Norms and State Institutions in Counterterrorism: Britain and France’s Divergent Responses to Militant Islamist Groups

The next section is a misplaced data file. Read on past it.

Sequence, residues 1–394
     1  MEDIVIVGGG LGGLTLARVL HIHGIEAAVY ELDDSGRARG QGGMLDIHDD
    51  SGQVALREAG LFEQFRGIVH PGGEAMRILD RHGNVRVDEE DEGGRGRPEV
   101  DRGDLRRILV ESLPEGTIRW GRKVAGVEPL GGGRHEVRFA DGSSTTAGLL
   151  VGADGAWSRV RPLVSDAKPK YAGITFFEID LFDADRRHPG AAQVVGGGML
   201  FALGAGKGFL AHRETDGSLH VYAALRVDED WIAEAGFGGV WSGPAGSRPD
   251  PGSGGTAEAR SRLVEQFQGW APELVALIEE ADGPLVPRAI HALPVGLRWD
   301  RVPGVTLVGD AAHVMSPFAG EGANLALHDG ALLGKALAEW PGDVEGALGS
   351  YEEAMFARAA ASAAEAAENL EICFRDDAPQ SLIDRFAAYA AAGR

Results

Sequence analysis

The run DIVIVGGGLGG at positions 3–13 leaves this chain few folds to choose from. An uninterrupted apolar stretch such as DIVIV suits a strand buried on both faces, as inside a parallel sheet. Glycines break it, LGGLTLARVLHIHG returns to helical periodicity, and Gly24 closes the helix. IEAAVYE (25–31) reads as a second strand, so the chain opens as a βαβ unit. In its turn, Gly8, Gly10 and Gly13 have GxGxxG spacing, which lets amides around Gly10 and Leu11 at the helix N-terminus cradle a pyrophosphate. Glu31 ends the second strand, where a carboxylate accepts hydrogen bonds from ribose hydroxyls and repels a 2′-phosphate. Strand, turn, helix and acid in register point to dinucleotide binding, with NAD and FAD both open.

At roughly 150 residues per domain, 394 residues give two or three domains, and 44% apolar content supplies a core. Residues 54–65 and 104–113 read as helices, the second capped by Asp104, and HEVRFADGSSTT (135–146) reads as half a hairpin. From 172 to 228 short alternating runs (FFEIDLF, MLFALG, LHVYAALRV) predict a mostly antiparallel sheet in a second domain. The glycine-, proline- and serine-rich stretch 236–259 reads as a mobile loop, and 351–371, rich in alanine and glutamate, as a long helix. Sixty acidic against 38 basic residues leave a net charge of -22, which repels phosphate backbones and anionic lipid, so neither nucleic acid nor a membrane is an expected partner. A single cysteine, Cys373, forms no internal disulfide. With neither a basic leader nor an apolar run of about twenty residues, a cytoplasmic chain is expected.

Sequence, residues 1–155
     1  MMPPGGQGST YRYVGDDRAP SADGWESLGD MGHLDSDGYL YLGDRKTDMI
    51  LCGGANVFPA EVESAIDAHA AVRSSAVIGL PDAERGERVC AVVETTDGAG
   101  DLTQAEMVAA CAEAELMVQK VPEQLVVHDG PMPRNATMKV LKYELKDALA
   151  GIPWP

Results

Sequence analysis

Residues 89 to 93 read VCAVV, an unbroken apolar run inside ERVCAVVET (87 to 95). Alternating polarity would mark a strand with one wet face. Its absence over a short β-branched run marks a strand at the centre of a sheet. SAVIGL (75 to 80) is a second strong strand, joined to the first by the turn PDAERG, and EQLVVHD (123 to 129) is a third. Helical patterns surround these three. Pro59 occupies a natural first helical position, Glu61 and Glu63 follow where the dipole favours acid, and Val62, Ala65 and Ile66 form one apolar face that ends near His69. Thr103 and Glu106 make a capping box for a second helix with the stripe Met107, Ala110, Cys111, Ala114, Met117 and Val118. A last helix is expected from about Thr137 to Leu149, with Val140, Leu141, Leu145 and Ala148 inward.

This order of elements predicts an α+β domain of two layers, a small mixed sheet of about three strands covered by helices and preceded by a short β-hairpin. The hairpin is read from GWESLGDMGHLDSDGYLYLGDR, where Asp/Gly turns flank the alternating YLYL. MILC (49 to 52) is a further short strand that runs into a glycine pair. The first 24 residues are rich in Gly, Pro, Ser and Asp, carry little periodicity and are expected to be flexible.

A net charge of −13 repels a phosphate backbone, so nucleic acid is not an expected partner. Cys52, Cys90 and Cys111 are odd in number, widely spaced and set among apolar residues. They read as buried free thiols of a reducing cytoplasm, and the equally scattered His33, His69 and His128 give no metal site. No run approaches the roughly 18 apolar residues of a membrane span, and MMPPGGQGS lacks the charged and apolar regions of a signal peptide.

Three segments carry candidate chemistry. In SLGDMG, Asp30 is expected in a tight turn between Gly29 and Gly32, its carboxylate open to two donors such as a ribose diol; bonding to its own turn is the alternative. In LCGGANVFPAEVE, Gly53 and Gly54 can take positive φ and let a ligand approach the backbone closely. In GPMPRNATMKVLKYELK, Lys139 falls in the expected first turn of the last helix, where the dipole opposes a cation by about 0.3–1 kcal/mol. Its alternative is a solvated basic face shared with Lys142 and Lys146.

This talk will explore why two states faced with a similar terrorist threat, perceiving it in a similar way and drawing the same broad implications for their counterterrorist policies, have nevertheless displayed significant differences in their responses to that threat. I argue that British and French officials’ similar perceptions of the Islamist militants facing them (as focused on producing mass casualties) have led to some convergence between their counterterrorist policies. However, different institutional conditions and normative contexts in the two states are proving to be powerful factors for divergence. Firstly, pre-existing institutions and conceptions of the state strongly influence organisational reforms and the extent to which different branches of the state work together in the fight against terrorism. The contrasting institutional conventions found in Britain and France mean that the two states have achieved different types and degrees of co-operation between counterterrorist intelligence, law enforcement and prosecution. Secondly, I argue that a normative consensus on security issues in French society enabled the authorities there to be more invasive and indiscriminate in counterterrorist operations than the British, who were constrained by the high level of norm competition in their society on these issues.